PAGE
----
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    Children were not spared
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    Schakles
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    Some of the very tiny cells that held the many prisoners
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    Some of the implements of torture - the 'box' to the right is a water boarding chamber (for simulated drowning). Note: Such implements of torture are still in use today by the Americans ... guess its harder for some to learn than others
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    The hall now dedicated to the stories of both victims and perpertrators
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    Building within the compound of the Royal Residence
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    Edge of the Royal Residence
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    Part of the residence
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    Example of french architecture in Phnom Penh
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    Fishing on the Ton Le Sap River on which Phonm Penh sits
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    Pavilion near the river
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    Not sure what temple / building this is
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    The National Museum
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    The only photo we got in the museum before being banned from taking more :-)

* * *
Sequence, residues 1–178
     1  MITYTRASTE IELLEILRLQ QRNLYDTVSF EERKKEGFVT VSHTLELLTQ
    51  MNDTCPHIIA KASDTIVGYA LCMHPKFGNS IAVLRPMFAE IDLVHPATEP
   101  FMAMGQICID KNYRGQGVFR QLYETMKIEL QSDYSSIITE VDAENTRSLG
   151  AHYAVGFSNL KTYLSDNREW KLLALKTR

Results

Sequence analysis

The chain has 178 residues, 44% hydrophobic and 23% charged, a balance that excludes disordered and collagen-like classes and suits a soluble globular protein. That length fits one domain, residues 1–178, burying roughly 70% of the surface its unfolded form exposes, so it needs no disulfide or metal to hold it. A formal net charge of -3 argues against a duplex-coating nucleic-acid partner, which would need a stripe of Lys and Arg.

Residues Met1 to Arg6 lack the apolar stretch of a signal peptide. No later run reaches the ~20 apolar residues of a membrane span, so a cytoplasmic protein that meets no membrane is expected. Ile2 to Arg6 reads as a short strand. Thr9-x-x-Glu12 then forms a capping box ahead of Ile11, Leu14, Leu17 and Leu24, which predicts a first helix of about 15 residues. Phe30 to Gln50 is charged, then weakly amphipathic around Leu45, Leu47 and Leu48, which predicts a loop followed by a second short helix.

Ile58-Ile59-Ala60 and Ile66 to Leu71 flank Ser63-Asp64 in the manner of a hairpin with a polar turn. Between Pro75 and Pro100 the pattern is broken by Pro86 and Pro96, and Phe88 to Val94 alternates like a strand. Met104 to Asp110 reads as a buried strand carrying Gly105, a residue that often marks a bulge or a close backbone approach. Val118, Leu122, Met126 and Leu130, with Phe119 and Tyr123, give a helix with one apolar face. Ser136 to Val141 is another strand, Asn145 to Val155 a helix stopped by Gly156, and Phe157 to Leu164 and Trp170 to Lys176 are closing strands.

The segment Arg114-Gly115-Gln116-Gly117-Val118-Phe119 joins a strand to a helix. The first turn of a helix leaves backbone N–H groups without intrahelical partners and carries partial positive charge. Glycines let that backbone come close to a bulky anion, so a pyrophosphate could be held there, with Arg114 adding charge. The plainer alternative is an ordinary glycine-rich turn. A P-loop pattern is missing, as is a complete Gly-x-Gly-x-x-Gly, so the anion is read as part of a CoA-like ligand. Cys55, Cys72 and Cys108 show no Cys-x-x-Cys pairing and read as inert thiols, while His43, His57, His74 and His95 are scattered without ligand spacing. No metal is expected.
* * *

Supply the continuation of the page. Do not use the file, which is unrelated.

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    'Architraves' on the National Museum building
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    Elephant carving
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    Sculpture within the grounds of the museum
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    A pavilion in the Wat Phnom compound. Wat Phnom was formerly known as "Wat Phnom Duan Penh", from which Phnom Penh gets its name
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    Typical of Cambodia. We'd come up with a little ditty about 'Everything is $1 in Cambodia"
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    Outside the Wat Phnom temple
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    Inside the temple
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    Spice finches are released as a Buddhist custom and is considered an act of compassion that will be rewarded with good karma. But before that happens, these birds have to sit in this tiny cage.
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    Our tuk-tuk driver and a shop keeper that was very helpful in providing lots of information on Cambodia
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    Chickens on a bike
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    This is one way you can get fuel for your motorbike
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    Chicken Amok (yum) and pork stir fry cambodian style
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    At another restaurant alongside the river
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    The meal we had there
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    Along some dusty road - quite typical of many areas in Cambodia
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    Prime riverside real-estate on river choked with weed
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    A pagoda being guarded by a horseman
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    Monument to symbolise the end of war
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    Poverty in Cambodia
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    Street scene. Not too far from the hotel we stayed at. Dusty roads were typical of Cambodia
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    Monkeys often seen using power lines to visit homes presumably to steal food
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    Desolate poverty